Yesterday, for my mother's 60th birthday, my family decided on this restaurant based on a recommendation. My final assessment of the place was that it serves slightly above average thai food that is exorbitantly overpriced. Initially, I felt the service was not bad, although it was certainly not anything to rave about. It was typical of what you would expect for a restaurant trying desparately to offer up the guise of authenticity and ""fine dining."" Framed currency and pictures of random Asian people (who I suppose we are to assume were Thai royalty of yesteryear?) littered the walls. The fact that I was among those I loved compensated for the mediocre quality of the food and service. We ordered a decent bottle of wine, some appetizers, and finished with our entrees. While I felt that my braised lamb was mediocre at best, my family members enjoyed their respective meals. At the inception of our meal, we informed the staff that it was a milestone birthday for my mother, only to have to remind them once again at the end of the meal, at which point they brought out a consolation dessert item. \r
Now, this is where the evening becomes eventful, and more specifically, the reason that I would urge no self-respecting individual to ever frequent this establishment. As I reviewed the bill, I noticed that our waitress had failed to charge for the bottle of wine. As I pride myself on being an ethical person (I am an attorney after all), I informed the waitress of her mistake. Surprisingly, all I received for being a good samaritan, was a half-hearted ""sorry,"" where the proper response would have been a simple ""thank you, I apologize for the inconvenience."" I always determine the amount of gratuity that I give based on an assessment of the quality of the food and service. In this instance, based on my assessment, I valued the food/service at a gratuity of around 13%. In fact, I thought this was a gracious tip given that the total of the bill would have been significantly less if I had not informed the waitress of her failure to include the cost of the bottle of wine in the bill. \r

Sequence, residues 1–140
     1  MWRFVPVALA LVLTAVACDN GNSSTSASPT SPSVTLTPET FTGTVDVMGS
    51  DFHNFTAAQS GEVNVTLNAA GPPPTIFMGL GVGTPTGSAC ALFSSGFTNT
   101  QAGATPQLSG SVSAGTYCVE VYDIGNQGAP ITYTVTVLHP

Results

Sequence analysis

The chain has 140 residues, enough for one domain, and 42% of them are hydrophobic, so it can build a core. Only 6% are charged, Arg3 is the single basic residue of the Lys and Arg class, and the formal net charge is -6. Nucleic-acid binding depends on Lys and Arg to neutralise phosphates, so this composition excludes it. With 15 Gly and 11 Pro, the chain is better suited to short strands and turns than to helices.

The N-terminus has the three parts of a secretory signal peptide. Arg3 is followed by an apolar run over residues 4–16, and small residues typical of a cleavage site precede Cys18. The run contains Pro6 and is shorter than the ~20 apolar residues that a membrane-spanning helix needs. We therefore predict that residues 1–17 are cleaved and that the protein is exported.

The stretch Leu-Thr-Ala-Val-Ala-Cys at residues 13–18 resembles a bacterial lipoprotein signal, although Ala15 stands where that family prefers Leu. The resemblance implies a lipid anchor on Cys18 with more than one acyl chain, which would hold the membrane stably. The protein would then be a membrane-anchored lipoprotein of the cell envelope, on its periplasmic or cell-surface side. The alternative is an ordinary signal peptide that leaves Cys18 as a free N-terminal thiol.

As we were leaving the restaurant, we received a series of artificial ""Namastes"" from people who probably had no understanding that they were offering the saluations to individuals who hail from the country from which the term originated. Even more ridiculous was the blond host educating my mother that the vehicle situated in the front of the restaurant (which she had ridden countless times as a child in India) was called a ""rickshaw."" Prior to leaving the restaurant, I made a quick visit to the restroom, and emerged to find one of the wait staff outside with my family with the bill in her hand. She was inquiring whether we felt there was something wrong with the service and ""informing"" us that the customary gratuity for ""fine dining"" is 18%. Rather than confront her at that moment in front of my family on a very special occassion for my mother, I increased the tip amount to 20% and threw the bill in her face. Later, however, the anger began to boil inside of me at the level of disrespect that myself and my family experienced at the hands of an incompetent and arrogant wait staff. So, because I cannot turn back time and express my feelings directly to that arrogant woman (who I should mention was a different individual from the waitress that served us most of the evening), I decided to write this review. In my opinion, if a restaurant expects a certain gratuity, they should include it in the bill themselves. Otherwise, they should expect to receive tip that is correlated to the customer's determination of the quality of the food and service. Last evening proved one thing to me - including the words ""fine dining"" in the name of your restaurant means, at least in the case of Nan Thai, that you will experience the exact opposite - arrogance, condescension, incompetence, and food of average quality.